How To Measure Anything Finding The Value Of Intangibles

How To Measure Anything Finding The Value Of Intangibles

How To Measure Anything Finding The Value Of Intangibles – In business and decision-making, the value of intangible assets and outcomes can be challenging to measure. However, as the saying goes, ‘You can’t manage what you can’t measure.’ This is where the concept of ‘How to Measure Anything’ (HTMA) comes into play. HTMA is a methodology developed by Douglas W. Hubbard, outlined in his book of the same name, that provides practical approaches to measuring seemingly immeasurable things. In this article, we’ll explore the key principles of HTMA and how you can apply them to find the value of intangibles in your organization.

Define What You Want to Measure

The first step in measuring anything is to clearly define what you want to measure. This involves identifying the specific outcome or attribute you are interested in and articulating it in precise and measurable terms. For example, if you want to measure the ‘effectiveness of a training program,’ you might define it as ‘the percentage improvement in performance metrics after completing the training.’

Identify a Measurement Method

Once you have defined what you want to measure, the next step is to identify a measurement method that is practical, cost-effective, and reliable. This could involve using existing data sources, conducting surveys or interviews, or employing quantitative modeling techniques. The key is to choose a method that will provide the most accurate and relevant information given the resources available.

Determine the Measurement Scale

The measurement scale defines the range and granularity of the measurements you will use. This could be a simple binary scale (e.g., ‘yes’ or ‘no’), a Likert scale (e.g., ‘strongly agree’ to ‘strongly disagree’), or a numerical scale (e.g., 1 to 10). The scale should be appropriate for the attribute being measured and should allow for meaningful comparisons and analysis.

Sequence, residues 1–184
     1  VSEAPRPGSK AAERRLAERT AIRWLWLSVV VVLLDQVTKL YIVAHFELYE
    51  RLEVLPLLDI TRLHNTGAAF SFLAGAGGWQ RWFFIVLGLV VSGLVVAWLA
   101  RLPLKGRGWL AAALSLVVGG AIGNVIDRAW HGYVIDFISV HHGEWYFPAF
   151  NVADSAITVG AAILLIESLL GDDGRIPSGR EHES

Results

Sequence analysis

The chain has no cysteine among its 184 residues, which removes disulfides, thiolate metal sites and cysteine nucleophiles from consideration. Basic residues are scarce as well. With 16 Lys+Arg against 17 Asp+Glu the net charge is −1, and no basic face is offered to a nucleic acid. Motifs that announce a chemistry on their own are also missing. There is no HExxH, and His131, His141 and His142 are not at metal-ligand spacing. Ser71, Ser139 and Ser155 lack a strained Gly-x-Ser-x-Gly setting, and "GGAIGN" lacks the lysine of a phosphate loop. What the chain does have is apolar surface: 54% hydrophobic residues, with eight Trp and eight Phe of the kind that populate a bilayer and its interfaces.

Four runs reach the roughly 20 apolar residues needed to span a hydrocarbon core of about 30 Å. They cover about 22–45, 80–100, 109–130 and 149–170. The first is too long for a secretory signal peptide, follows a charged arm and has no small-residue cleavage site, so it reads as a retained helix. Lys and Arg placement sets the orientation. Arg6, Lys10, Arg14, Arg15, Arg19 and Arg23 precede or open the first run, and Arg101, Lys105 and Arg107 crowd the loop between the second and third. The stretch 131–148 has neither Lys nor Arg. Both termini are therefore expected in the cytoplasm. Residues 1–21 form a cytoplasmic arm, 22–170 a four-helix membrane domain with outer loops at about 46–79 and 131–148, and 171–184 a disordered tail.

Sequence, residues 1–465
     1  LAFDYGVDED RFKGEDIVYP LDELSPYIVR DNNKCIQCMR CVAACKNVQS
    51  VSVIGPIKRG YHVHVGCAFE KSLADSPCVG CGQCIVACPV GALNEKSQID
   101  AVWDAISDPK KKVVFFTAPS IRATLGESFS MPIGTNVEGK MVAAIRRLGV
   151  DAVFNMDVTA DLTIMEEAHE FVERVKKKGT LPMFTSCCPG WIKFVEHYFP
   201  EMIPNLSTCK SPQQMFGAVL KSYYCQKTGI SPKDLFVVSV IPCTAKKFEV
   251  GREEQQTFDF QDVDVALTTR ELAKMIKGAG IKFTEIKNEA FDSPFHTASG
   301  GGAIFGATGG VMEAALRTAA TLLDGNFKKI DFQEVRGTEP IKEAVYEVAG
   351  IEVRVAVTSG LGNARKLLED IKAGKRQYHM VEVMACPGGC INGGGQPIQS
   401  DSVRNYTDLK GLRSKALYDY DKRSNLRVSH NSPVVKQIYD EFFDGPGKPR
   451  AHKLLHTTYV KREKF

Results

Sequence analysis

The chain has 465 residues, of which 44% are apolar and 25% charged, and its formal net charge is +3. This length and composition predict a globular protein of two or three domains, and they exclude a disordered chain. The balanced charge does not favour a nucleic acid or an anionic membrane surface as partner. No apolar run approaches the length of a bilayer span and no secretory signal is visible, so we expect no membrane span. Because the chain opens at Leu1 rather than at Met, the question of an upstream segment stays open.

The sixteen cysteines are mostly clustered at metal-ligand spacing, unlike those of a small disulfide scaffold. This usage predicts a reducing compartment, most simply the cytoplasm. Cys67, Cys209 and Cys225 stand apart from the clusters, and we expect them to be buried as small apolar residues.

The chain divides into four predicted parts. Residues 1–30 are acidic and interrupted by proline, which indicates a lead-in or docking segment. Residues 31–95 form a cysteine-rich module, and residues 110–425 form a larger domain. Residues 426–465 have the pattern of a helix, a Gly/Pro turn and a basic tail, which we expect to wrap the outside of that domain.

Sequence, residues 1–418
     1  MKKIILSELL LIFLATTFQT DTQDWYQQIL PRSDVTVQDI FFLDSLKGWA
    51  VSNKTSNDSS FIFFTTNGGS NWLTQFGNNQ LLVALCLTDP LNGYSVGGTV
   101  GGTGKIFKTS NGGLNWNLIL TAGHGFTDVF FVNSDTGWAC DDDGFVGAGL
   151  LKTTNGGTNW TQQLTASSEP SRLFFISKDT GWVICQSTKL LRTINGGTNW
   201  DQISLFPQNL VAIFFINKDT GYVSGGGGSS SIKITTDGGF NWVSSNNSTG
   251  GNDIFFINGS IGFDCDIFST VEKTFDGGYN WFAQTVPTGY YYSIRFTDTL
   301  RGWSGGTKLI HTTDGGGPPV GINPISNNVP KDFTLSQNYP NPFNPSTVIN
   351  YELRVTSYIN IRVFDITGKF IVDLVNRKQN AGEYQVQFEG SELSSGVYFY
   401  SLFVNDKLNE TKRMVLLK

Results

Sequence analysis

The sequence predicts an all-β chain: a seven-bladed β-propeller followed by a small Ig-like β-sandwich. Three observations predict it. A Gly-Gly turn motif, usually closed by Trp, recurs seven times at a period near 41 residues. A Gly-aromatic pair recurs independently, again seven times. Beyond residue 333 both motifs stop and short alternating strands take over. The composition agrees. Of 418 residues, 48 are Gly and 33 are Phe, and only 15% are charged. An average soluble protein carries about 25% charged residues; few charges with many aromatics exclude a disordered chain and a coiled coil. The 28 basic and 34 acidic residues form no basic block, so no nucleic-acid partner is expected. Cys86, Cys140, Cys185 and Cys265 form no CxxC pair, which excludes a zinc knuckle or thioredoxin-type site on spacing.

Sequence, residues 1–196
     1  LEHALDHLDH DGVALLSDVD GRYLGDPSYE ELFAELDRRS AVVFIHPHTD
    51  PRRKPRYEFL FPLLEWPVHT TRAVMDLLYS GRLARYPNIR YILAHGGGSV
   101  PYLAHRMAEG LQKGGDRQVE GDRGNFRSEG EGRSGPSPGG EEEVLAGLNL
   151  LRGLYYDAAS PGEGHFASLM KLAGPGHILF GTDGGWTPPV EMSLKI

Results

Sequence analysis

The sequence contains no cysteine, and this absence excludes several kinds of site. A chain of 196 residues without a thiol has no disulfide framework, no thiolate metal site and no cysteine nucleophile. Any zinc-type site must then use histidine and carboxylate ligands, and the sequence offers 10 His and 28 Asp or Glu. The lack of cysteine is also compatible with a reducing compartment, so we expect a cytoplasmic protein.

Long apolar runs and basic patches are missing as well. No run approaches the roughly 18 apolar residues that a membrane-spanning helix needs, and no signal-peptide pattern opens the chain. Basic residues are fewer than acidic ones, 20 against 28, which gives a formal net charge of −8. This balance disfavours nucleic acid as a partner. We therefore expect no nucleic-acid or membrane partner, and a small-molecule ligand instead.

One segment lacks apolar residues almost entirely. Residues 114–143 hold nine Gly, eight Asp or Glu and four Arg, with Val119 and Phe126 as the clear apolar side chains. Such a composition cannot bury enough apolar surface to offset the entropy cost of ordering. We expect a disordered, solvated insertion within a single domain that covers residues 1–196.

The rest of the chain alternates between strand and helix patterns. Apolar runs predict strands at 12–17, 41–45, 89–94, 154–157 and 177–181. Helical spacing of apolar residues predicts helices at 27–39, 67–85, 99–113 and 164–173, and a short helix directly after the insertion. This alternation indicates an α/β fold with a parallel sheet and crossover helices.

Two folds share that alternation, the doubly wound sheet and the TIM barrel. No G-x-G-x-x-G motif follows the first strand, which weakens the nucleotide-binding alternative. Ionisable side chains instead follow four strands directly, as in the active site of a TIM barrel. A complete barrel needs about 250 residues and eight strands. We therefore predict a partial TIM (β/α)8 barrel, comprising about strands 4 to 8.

Collect Data and Analyze Results

Once you have defined your measurement method and scale, the next step is to collect data and analyze the results. This may involve gathering data from multiple sources, conducting surveys or experiments, or using statistical analysis techniques. The goal is to obtain reliable and valid data that can be used to draw meaningful conclusions about the value of the intangible asset or outcome.

Communicate and Act on the Results

Finally, it’s important to communicate the results of your measurements effectively and take action based on those results. This may involve presenting your findings to stakeholders, making decisions based on the data, and implementing changes or improvements based on the insights gained. The key is to use the measurement results to inform and improve decision-making processes.

Example

For example, let’s say a company wants to measure the ‘effectiveness of its marketing campaigns’ in terms of brand awareness. They could define this as ‘the percentage increase in brand recognition among target customers after running a marketing campaign.’ They could then use surveys or focus groups to gather data on brand recognition before and after the campaign and analyze the results to determine the campaign’s effectiveness.

Measuring intangible assets and outcomes is challenging but essential for effective decision-making. By following the principles of How to Measure Anything, you can develop practical approaches to measuring and evaluating intangibles in your organization. By defining what you want to measure, identifying measurement methods, determining measurement scales, collecting and analyzing data, and acting on the results, you can uncover valuable insights and drive meaningful improvements in your organization.